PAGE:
Now that Sarah Palin has been eaten by a grue, the mantle of Person In the Republican Party Who Might Actually Believe That Stuff has been taken up by Minnesota congresswoman Michele Bachmann. You may remember Bachmann from her bizarre assertions about the US Census and its possible role in a massive government conspiracy—something she stopped talking about after a census worker was killed in Kentucky. Like Palin, Bachmann believes in an American People whose will is diametrically opposed to that of the federal government—particularly the Congress part of the government, which she, bafflingly, is a part of. Also like Palin, her signature issue has become health care reform. Despite polls showing that most Americans favor a public option, Bachmann knows that “real, freedom-loving Americans” oppose the government “taking away [their] health care.” To make their voices heard, she’s taken it upon herself to organize a protest on the steps of Capitol Hill at noon today, at which she encourages protestors to enter their congresspeople’s offices and demand that they vote against health care reform. “This is the Super Bowl of freedom, this week,” she says. How can Michele Bachmann find the resources and communication apparatus to organize such a Super Bowl, in which an abstract concept competes with another, unnamed abstract concept on a week’s notice? Well, fortunately there’s Fox News:
Anyone with access to the internet knows that the similarities between Barack Obama and Adolf Hitler are numerous and eerie. Both were heads of state. Both were closely involved with their nations’ auto industries. Both were talented orators, and both presided over the systematic extermination of six million Jews. When you get right down to it, our sitting President and Adolf Hilter are pretty much the same person, except Obama hasn’t suspended democratic elections, implemented a policy of cultural nationalism, embarked on a massive expansion of the armed forces, created a class system based on ethnicity, assumed control of the national media, staged an attack on the legislative branch, implemented a eugenics policy or invaded a sovereign nation.
He is black, though. If you hate Barack Obama’s politics and you’re also a racist, the election of our first black President is doubly galling. You know what else is galling? The fact that Adolf Hitler—generally agreed to be the worst human being of the modern era—was a racist, too. That was, like, his thing. Which makes it hard, when you’re vigorously arguing that black people have an extra muscle in their calf that makes them especially good at pro basketball, not to think of yourself as maybe kind of an asshole.
By now you’ve probably seen the video of Representative Barney Frank (D-Mass.) putting the rhetorical whompus on one of his constituents at a town hall meeting in Dartmouth. If you somehow haven’t, do yourself a favor. The question—put to him by the most adorable hate-filled populist ever— was “Why do you continue to support a Nazi policy, as Obama has expressly supported this policy, why are you supporting it?” It’s an elegant rhetorical trap, but Frank finds a way out of it. First, he points out that the questioner is currently holding a photograph of the President with a Hitler mustache drawn on it. Then he asks her what planet she spends most of her time on, and concludes that “Trying to have a conversation with you would be like trying to argue with a dining room table. I have no interest in it.” As they say in Boston: face! Somewhere, Cicero is smiling.*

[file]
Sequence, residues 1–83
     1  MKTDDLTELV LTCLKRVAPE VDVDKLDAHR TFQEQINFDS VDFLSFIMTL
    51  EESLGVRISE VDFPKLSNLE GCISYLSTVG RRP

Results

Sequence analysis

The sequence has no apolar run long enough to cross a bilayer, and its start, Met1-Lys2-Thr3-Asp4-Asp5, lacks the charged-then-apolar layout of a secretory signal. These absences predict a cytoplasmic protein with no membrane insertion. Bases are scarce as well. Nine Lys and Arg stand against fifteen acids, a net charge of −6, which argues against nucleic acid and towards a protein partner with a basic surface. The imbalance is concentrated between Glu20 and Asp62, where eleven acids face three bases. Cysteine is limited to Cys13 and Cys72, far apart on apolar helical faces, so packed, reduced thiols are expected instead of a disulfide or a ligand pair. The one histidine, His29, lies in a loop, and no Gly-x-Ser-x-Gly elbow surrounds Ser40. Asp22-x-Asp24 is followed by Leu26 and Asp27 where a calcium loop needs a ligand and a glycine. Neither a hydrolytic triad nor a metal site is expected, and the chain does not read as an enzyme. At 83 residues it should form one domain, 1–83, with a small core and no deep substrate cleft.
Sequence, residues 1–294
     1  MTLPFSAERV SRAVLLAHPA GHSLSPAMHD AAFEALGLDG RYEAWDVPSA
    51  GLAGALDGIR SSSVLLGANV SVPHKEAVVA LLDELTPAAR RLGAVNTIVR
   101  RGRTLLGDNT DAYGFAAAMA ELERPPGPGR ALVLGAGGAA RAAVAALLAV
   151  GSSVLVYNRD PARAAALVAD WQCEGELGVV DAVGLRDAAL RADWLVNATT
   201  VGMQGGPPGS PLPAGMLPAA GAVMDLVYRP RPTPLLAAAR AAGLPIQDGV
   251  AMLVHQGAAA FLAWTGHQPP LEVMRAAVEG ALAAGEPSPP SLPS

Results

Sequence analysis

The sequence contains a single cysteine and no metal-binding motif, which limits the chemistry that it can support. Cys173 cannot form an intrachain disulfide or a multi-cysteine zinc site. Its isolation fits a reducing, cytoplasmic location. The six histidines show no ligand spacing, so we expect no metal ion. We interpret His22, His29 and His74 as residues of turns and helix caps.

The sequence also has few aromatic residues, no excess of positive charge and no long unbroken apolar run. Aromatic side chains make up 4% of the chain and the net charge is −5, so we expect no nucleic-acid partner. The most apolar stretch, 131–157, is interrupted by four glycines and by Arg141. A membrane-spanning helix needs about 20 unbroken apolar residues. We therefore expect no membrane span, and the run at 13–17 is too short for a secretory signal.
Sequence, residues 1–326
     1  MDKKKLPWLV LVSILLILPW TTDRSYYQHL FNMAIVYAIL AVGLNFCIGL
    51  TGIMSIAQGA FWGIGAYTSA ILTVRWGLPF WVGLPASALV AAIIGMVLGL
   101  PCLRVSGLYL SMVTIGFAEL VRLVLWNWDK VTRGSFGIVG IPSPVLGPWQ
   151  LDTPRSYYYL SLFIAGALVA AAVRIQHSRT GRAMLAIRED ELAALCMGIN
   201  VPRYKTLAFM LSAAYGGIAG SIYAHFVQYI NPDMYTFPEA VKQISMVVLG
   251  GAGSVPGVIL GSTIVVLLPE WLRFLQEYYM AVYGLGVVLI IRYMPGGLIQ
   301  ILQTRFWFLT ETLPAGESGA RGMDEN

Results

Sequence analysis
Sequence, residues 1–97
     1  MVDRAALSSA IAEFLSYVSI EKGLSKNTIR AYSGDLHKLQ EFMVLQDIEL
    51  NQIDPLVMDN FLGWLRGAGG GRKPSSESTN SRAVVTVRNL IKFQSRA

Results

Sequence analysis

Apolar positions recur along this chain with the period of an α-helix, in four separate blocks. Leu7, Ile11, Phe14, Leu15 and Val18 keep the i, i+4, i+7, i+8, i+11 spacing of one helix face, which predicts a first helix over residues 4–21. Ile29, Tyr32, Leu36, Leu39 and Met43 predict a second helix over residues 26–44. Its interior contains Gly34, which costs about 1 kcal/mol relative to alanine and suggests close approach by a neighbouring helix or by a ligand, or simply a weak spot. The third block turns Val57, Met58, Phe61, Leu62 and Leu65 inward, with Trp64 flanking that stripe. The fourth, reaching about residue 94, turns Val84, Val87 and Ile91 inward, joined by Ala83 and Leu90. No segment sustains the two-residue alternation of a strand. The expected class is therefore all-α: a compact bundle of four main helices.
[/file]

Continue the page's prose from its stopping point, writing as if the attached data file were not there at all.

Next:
I was going to be angry about these kids, but one look at the profoundly sixteen-year-old-girl expression on that sixteen-year-old girl’s face and I didn’t have the heart. (If you’d like to get real sad, you can read a blog written by that poor girl’s mother, in which she calls Barbara Boxer a “moronic twit.” The badge on the right side indicates that she’s made the list of “best conservative blogs on the net,” which is apparently determined by total word count.) That’s her boyfriend on the left, proving again that teenage boys will do anything under certain conditions. And what are these desperate youths and the ragtag band behind them protesting for? Lower taxes on the rich, reduced social services, deregulation of business and conservative fiscal policy.
To hear Frank Rich tell it, protests like these are harbingers of a new era of cultural and political upheaval. Last weekend was the fortieth anniversary of Woodstock, which television raised me to believe was the most important moment of the 20th century. It turns out that was all to promote The Wonder Years, though, because this year’s commemoration was overshadowed by the season premiere of Mad Men. First of all, if you don’t watch Mad Men, you should start immediately. It is the Cadillac of television shows, or the Combat! blog of television shows in that Frank Rich and I agree with it more than anyone else in America. Second of all, Frank Rich is right. The year that resonates with our present cultural moment isn’t 1969; it’s 1963.
Rick Perlstein had a terrific editorial in the Washington Post yesterday, in which he points out that populist hysteria has historically broken out every time the United States embarks on a period of significant change. Whether it’s the insane red scares of the postwar era—when the combined FDR and Truman presidencies were called “treason” by disgruntled plutocrats—or widespread rumors that the 1964 Civil Rights Act contained a provision for enslaving whites, shrill rhetoric and ridiculous claims have been midwives at the birth of every new American era. Gross.
Perlstein also points out that the two ready explanations for why legions of Social Security beneficiaries have appeared at the same meetings to make the same baseless claims create a false dichotomy. It’s not that A) everyone is retarded or B) insurance companies and conservative politicians are in league to manipulate public perception. It can be both!